If you are still not convinced that the nocturnist world is for you—though you will be able to spend more time and have a more meaningful relationship with patients, nursing staff, and be the hero to every consultant and PCP you allow to sleep through the night—then I must reveal that the real cherry on top is actually green. Since you are working the least desired shift in your HM group, you are somewhat of a rock star. No one wants you to be unhappy, because they really want you to keep working the night shift. It’s evident by the fact that most nocturnists are paid a 10% to 20% shift differential, according to Payscale.com. In layman’s terms, you get paid more money than everyone else.
Another benefit is that nocturnist shifts range from eight to 12 hours; some even allow you to take call from home, so you can find a position that fits your schedule. The average number of monthly shifts usually is fewer than those working the day shift (10 to 14 shifts compared with 14 to 18 shifts) on average.
Depending on what type of hospital you choose (rural or urban, community or academic), you can have a wide range of nightly responsibilities. Some nocturnists perform as many procedures as they like; others choose to perform no procedures. Patient caps might exist on the number of patients you can admit during a shift. And working as a nocturnist can afford you a terrific lifestyle, because there is an a la carte menu of hospitalist groups, shifts, and practice lifestyles to choose from. And everybody in HM knows that everyone is looking for a nocturnist, so the availability of job offers is never a problem.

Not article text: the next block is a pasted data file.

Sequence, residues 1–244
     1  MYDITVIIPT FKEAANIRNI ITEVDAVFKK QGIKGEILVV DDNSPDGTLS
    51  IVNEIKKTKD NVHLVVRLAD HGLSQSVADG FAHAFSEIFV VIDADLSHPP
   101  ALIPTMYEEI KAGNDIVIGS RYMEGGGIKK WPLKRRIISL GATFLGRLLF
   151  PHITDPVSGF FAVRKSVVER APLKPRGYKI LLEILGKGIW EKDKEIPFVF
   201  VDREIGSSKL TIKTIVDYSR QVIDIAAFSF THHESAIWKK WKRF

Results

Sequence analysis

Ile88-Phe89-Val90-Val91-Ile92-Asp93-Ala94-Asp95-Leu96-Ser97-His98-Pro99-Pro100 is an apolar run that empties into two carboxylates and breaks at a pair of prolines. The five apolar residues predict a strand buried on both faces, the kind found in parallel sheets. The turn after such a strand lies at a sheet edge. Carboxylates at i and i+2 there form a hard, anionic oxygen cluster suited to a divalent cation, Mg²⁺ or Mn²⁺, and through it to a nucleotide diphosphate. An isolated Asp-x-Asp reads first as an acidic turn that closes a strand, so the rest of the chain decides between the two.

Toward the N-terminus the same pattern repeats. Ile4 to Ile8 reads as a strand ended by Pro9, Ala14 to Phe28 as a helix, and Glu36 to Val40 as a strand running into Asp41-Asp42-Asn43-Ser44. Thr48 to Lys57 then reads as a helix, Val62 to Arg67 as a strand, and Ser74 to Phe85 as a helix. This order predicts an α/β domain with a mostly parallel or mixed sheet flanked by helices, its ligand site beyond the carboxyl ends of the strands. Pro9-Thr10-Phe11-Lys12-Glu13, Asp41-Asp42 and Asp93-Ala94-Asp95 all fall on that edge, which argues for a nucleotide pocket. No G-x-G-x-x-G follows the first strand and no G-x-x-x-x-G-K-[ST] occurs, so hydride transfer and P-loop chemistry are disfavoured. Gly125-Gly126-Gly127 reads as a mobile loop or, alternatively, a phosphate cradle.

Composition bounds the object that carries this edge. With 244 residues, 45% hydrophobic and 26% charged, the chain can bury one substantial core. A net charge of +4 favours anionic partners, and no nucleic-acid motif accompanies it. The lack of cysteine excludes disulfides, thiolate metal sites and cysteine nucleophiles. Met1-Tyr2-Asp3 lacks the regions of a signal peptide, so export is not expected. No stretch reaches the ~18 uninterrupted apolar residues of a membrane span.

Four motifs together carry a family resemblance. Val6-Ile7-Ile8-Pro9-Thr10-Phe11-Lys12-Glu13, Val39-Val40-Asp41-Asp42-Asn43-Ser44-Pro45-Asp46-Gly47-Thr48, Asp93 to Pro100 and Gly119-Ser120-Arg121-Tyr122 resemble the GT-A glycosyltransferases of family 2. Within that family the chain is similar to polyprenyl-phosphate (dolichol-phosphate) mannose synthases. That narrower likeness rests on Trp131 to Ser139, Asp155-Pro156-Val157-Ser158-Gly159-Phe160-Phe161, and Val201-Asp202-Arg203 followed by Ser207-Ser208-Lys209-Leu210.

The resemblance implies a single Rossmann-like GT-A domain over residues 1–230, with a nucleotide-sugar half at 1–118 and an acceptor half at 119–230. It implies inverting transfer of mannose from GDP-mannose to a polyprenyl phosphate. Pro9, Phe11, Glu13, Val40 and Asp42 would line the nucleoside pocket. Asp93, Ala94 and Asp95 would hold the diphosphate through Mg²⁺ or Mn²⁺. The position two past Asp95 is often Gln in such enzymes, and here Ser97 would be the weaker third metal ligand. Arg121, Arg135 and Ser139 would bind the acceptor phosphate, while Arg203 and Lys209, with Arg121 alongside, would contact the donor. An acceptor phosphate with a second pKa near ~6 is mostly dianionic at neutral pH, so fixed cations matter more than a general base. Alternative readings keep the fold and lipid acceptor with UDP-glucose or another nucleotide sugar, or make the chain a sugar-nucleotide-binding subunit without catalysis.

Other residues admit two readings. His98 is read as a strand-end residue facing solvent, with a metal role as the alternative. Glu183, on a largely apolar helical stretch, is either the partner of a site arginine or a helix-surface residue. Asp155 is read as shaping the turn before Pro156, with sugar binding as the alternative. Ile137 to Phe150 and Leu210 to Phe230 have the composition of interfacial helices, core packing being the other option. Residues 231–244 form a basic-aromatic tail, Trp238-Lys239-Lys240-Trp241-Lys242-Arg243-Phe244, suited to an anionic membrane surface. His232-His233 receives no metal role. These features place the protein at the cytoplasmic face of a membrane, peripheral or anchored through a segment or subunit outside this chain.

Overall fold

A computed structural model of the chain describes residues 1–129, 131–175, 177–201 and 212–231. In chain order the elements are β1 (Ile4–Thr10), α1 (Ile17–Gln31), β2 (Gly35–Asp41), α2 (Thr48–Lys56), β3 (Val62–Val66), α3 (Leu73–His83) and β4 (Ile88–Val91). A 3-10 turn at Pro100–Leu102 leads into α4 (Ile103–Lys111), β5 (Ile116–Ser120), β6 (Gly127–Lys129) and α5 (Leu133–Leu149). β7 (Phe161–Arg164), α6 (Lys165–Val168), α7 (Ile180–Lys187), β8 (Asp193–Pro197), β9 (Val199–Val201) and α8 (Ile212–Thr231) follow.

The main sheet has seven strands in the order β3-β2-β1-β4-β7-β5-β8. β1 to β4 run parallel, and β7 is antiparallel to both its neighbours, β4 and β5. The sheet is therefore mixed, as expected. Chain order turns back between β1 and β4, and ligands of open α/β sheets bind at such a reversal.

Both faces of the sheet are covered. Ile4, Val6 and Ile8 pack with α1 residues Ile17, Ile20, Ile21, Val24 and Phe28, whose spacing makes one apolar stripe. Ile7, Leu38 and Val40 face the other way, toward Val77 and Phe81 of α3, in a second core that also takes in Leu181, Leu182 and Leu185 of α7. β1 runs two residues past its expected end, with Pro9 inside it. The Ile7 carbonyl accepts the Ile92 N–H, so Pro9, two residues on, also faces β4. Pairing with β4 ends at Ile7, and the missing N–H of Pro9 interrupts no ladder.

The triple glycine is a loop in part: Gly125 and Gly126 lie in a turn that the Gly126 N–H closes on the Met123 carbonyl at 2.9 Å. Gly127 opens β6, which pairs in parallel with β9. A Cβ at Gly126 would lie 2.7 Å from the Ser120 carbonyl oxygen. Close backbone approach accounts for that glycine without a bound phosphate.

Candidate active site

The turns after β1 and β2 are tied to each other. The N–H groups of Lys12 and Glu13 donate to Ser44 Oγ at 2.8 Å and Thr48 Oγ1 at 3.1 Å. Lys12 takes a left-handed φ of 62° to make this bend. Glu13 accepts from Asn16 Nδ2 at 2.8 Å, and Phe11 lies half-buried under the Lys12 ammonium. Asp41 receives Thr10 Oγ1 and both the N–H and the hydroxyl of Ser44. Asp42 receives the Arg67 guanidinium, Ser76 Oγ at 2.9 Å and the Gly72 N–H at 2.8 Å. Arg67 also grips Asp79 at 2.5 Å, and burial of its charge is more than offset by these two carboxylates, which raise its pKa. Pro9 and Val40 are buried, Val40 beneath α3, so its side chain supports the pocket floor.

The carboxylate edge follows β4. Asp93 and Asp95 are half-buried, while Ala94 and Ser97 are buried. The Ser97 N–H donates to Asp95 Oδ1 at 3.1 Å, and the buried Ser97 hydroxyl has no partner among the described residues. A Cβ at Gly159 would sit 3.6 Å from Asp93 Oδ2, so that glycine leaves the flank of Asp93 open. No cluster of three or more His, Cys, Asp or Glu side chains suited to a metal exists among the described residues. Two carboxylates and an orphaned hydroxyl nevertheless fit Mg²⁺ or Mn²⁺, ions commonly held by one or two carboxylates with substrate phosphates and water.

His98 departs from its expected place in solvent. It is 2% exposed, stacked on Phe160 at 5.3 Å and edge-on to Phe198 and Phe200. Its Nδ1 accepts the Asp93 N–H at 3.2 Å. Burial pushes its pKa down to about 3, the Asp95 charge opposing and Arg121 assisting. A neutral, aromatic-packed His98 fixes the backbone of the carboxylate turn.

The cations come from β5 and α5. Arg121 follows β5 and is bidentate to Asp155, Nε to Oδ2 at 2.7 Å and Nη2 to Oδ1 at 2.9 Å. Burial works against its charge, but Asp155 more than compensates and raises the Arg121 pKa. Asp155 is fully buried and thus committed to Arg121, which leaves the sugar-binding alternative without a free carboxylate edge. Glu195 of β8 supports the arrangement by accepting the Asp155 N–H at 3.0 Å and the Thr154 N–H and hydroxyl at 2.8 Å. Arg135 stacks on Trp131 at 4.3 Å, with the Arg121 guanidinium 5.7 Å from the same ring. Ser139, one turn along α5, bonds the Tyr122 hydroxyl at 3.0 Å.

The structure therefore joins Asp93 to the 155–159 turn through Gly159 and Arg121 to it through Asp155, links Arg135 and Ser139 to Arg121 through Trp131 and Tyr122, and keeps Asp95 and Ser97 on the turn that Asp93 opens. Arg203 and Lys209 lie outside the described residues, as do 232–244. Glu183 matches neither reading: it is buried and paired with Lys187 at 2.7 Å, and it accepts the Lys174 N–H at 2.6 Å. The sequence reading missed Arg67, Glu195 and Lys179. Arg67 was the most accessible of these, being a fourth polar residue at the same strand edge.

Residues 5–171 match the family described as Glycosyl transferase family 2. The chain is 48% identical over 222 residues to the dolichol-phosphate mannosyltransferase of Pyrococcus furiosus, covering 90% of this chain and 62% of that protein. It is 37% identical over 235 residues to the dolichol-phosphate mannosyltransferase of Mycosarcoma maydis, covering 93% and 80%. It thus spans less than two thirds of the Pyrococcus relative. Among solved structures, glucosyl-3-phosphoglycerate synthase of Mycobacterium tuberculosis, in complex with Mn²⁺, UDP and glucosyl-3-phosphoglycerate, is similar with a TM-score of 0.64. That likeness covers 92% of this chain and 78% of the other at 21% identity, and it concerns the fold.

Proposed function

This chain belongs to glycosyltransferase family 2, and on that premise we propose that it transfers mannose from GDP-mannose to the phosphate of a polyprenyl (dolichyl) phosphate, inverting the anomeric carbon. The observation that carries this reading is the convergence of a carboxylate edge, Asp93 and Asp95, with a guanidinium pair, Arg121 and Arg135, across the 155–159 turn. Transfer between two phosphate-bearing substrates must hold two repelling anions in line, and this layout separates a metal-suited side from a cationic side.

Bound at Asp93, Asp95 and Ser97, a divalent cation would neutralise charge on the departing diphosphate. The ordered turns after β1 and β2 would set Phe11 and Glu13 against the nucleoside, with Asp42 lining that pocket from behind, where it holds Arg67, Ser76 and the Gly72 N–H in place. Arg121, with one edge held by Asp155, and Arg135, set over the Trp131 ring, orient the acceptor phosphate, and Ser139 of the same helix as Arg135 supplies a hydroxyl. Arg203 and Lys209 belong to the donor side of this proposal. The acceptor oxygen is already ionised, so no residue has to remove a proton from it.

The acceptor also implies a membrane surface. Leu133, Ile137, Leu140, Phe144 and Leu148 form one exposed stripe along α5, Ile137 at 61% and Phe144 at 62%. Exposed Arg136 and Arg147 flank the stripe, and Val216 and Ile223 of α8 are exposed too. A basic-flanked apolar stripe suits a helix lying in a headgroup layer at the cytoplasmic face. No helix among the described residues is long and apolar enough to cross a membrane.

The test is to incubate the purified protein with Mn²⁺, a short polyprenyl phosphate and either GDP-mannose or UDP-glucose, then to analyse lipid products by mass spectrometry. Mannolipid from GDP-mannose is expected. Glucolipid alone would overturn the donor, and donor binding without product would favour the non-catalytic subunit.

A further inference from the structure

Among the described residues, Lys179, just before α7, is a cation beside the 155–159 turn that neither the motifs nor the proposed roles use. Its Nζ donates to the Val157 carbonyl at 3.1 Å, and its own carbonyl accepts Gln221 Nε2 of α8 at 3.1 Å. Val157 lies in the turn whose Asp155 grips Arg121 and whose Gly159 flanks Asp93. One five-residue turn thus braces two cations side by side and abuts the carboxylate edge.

Nevertheless, with more money and choices comes more responsibility. As a nocturnist, you have to be flexible and creative in order to stay informed, as you will find it challenging to make all the staff meetings. Ask your group to schedule important group meetings early, so that you can stay after your shift and attend. Sometimes you just have to dig in and stay for those later meetings, if need be. (Sleeping in the call room until your next shift makes you somewhat of a martyr.) And remind your medical director to email you any important information you might have missed.
Even though you won’t be around during the day, you must stay abreast of quality initiatives (CHF, AMI, etc.). Beware of charting requirements, which can change from day to day.
If you are looking for an exciting way of life, and the ability to practice pure medicine after residency, you might want to get “into the night” and consider an HM career as a nocturnist. TH
Dr. Cunningham has been a hospitalist since 2004 and a nocturnist the past three years at Hamilton Medical Center, a community hospital in Dalton, Ga., and locum tenens in the Tennessee area.